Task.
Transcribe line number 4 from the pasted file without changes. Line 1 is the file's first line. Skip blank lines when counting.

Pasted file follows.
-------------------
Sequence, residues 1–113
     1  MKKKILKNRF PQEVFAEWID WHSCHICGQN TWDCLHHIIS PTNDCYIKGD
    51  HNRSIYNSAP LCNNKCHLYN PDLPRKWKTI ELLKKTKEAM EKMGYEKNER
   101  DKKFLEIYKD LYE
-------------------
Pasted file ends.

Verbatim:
   101  DKKFLEIYKD LYE